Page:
Laudato Si: Pope Francis’s Encyclical Letter

by Ray Grigg

The Encyclical Letter from Pope Francis, entitled Laudato Si, was released at noon on June 18, 2015, to Catholics around the world and “to every person who inhabits this planet”. Translated as “Praised Be”, it is a clear reference to a canticle written in honour of “Mother Earth” by the Pope’s 13th century namesake, Saint Francis of Assisi.

The state of the planet’s environmental health is a prime concern of the encyclical, in which socio-economic justice is linked directly to ecological abuse. To emphasize the point, one of the many dignitaries invited to the press conference following the release was Naomi Klein, author of This Changes Everything: Capitalism vs. Climate.

Klein was struck by the symbolism of her invitation. The encyclical, she said, is part of “a huge shift in the level of engagement in the [climate change] issue. Indeed, the encyclical is subtitled, “On Care For Our Common Home”.

Remove the encyclical from the context of the Catholic Church, delete some of the Christian terminology, and it reads like a tract from worried environmentalists, concerned economists, alarmed scientists, anxious academics, or uneasy philosophers, all of whom are beginning to question the viability of civilization as it is presently structured. In an assessment of humanity’s current conduct, Francis writes,

“We have come to see ourselves as [Mother Earth’s] lords and masters, entitled to plunder her at will… reflected in the symptoms of sickness evident in the soil, in the water, in the air and in all forms of life. This is why the earth herself, burdened and laid waste, is among the most abandoned and maltreated of our poor; she ‘groans in travail’.”

The encyclical refers to these “wicked problems” as “a tragic consequence” of unchecked human activity. “Due to an ill-considered exploitation of nature, humanity runs the risk of destroying it and becoming in turn a victim of this degradation”. It proposes “eliminating the structural causes of the dysfunctions of the world economy and correcting models of growth which have proved incapable of ensuring respect for the environment.” It then observes, with the holistic vision of a poet, “that the world cannot be analyzed by isolating only one of its aspects, since the book of nature is one and indivisible.”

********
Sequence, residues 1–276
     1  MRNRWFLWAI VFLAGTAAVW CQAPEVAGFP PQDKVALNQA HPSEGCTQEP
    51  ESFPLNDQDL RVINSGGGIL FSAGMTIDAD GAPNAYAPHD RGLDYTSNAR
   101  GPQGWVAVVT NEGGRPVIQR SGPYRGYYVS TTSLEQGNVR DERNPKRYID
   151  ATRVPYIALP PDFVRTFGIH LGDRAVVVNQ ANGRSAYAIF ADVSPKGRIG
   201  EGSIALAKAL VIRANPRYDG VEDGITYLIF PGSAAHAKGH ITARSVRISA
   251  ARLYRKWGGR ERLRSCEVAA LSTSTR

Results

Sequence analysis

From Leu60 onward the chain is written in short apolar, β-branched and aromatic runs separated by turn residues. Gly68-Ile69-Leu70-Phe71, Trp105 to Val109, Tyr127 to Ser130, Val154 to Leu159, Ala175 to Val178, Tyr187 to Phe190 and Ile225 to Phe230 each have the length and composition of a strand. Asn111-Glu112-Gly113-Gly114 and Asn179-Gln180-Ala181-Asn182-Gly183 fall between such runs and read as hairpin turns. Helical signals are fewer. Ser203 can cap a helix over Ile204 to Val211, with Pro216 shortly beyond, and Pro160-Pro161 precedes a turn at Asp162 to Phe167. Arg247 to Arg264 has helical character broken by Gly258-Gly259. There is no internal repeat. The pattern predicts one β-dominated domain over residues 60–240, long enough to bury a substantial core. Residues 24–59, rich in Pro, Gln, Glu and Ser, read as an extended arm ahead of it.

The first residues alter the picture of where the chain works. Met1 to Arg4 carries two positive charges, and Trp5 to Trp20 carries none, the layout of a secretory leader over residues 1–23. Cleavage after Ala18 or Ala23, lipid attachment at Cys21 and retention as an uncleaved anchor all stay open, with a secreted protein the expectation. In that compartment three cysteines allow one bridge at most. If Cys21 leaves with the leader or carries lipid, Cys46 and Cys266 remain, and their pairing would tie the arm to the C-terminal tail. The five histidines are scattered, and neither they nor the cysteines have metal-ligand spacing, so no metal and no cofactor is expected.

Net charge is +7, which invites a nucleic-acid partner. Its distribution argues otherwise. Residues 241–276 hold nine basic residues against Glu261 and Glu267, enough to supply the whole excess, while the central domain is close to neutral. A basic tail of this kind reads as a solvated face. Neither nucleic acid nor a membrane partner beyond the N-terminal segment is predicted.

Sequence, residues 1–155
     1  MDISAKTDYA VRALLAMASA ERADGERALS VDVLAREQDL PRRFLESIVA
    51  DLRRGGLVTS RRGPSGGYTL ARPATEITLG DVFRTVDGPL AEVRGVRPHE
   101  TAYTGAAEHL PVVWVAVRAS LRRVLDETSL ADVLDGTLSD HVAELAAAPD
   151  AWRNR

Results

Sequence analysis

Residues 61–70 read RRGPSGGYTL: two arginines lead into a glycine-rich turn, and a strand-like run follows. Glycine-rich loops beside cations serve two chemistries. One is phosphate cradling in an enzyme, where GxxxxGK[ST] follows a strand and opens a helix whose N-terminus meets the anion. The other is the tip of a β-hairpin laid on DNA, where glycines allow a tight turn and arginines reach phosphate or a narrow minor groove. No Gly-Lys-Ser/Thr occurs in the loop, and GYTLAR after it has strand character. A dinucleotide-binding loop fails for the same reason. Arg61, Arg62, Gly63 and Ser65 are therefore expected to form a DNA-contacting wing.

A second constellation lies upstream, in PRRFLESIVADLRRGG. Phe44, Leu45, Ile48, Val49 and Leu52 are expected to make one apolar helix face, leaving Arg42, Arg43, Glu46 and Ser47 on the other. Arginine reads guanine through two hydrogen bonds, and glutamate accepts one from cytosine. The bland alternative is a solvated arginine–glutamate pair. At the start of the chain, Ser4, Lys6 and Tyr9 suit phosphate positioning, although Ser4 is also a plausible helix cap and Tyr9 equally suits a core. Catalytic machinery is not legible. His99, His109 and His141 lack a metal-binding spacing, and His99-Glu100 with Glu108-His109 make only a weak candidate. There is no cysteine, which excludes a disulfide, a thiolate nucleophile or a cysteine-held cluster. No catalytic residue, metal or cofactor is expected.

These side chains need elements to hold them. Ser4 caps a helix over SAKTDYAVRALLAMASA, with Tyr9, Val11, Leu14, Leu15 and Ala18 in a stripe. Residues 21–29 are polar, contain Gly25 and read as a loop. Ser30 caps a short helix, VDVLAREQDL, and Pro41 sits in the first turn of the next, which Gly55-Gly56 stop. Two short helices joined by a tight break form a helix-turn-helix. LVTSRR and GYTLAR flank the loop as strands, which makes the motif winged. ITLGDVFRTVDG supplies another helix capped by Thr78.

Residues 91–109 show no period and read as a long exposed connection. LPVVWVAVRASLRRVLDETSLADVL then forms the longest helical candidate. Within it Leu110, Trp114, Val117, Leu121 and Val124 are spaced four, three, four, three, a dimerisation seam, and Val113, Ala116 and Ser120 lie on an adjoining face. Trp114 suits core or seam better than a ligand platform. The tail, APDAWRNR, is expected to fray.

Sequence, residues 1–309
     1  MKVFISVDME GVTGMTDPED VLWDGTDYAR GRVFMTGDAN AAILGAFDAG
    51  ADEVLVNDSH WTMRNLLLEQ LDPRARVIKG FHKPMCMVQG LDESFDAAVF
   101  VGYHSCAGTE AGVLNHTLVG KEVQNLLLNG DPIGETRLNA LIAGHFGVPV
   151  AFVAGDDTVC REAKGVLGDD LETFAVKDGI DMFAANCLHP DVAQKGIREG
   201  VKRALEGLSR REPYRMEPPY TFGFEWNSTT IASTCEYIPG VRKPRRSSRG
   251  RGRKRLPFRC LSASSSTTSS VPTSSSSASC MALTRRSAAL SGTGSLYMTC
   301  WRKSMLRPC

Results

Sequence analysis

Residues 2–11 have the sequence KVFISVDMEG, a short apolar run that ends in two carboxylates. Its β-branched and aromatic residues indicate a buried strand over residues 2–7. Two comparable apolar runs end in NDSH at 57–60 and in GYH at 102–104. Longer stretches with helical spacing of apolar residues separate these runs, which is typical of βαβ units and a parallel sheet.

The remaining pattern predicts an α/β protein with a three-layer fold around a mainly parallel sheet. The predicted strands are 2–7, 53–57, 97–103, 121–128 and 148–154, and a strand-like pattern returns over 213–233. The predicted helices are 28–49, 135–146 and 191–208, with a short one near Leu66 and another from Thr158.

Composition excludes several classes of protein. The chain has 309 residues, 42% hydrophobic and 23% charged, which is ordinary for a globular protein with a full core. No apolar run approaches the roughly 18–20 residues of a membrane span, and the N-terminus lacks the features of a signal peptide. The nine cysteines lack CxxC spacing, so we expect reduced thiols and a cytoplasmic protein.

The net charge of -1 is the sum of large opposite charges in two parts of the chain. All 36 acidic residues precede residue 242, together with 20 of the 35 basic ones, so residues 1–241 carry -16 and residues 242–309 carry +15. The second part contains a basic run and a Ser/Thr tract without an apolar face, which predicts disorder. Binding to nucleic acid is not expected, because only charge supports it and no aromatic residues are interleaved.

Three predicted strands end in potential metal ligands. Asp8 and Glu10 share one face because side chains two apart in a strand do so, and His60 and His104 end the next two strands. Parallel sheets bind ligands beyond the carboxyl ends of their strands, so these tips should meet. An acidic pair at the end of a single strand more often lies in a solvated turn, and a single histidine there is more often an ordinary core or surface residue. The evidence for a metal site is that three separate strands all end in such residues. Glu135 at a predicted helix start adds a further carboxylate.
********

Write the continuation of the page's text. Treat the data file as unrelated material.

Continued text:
Much of the encyclical’s inspiration, conviction, imagery and power draws from Saint Francis, whose “response to the world around him was so much more than intellectual appreciation or economic calculus, for to him each and every creature was a sister united to him by bonds of affection.”

We desperately need to cultivate these “bonds of affection” if we are to survive within the miracle of this remarkably living, beautiful and sacred planet. Pope Francis’s encyclical is a plea for this affection, for a caring and loving relationship with each other, and with our only “home” in “creation”.

As a document, the encyclical is comprehensive, commanding, credible, insightful, honest, frank, compassionate and eloquent, but also moral, ethical, poetic and spiritual — a masterpiece arriving as it is sorely needed. It is the Church at its best, revealing that its deepest aspirations for a just, safe and healthy world are those of all humanity.